Yet, those supporting the March for Choice yesterday were happy to use Savita’s image and her name to call for any last vestiges of protection for unborn babies to be removed. And the National Women’s Council (who no longer seem to know what a woman is) made their demands for an even more extreme abortion law under posters of Savita’s face.
It’s exploitative and cheap and ugly, but they get away with it because the media are whole-heartedly onside, and have long abandoned any pretence at being in anyway fair or objective on abortion.
This is underlined in how the same media who are happy to use Savita to push abortion are curiously silent when in comes to the death of Aisha Chithira.
Ms Chithira, who was 31, died in 2012, the same year as Savita Halappanavar – but the National Women’s Council and RTÉ had almost nothing to say about her tragic and entirely preventable death.
She travelled to England from Ireland to have a late-term abortion at a Marie Stopes clinic in Ealing. The baby was 22 weeks old – and the coroner’s court heard that Aisha suffered a tear to her womb as the abortionist struggled to remove the baby.
Despite the fact that she was vomiting and dizzy, staff insisted that she be discharged shortly after the abortion. Aisha then bled to death in the back of a taxi.
Abortion campaigners don’t want you to know her name. They don’t want you to know how and why she died. Ignoring the horrendous death of a woman who was killed by abortion is a form of cover-up; an sure indication that women only matter when they suit the pro-abortion narrative.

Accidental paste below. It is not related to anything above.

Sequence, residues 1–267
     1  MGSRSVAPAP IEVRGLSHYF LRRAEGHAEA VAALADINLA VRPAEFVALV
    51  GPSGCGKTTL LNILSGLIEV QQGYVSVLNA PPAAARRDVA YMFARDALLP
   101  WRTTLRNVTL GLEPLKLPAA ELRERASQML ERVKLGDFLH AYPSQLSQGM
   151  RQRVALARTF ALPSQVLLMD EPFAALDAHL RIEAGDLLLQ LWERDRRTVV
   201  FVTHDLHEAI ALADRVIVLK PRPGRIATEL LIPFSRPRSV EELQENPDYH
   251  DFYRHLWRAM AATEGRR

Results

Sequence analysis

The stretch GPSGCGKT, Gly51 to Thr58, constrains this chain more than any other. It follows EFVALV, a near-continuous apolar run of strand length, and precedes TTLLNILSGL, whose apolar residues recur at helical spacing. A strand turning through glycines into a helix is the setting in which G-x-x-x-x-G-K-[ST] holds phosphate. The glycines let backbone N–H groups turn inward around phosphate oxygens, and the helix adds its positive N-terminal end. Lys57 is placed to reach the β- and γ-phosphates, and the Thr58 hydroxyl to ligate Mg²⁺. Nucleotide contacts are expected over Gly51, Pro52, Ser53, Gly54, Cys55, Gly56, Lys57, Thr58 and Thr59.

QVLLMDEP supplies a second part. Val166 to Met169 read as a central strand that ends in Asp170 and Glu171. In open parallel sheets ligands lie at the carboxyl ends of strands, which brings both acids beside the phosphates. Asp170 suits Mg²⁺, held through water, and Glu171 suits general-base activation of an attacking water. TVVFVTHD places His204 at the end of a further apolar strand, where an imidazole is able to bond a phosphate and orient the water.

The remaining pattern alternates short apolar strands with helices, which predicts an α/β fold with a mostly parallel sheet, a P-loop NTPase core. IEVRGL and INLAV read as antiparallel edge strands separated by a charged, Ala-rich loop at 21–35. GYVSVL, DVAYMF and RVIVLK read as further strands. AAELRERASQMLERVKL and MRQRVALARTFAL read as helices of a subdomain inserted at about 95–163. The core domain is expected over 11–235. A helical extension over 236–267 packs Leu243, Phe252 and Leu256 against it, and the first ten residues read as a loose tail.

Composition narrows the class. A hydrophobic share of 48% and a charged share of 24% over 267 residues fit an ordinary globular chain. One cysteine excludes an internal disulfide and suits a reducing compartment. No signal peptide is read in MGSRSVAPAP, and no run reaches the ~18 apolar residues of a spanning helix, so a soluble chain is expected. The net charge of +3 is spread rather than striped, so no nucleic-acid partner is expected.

There will be no vigils, no passionate appeals, no lengthy reports on RTÉ, no documentaries made about Aisha Chithira. Abortion killed her and her baby. That’s something the media would rather you forgot.
Neither do they seem to care that, since the 8th was repealed, women have continued to die around childbirth in Ireland. The reason they are dying has nothing to do with the law, instead – just as in Savita’s case- it has everything to do with under-resourced hospitals, understaffed maternity wards, and a failure by the Department of Health to prioritise women’s safety.
In the months following repeal, two women died in Irish maternity hospitals, and the apparent causes – sepsis and a severe staff shortage – are the same factors which led to the death of Savita Halappanavar. But because the 8th is gone, because a pro-life law cannot be held to blame, the media isn’t really interested.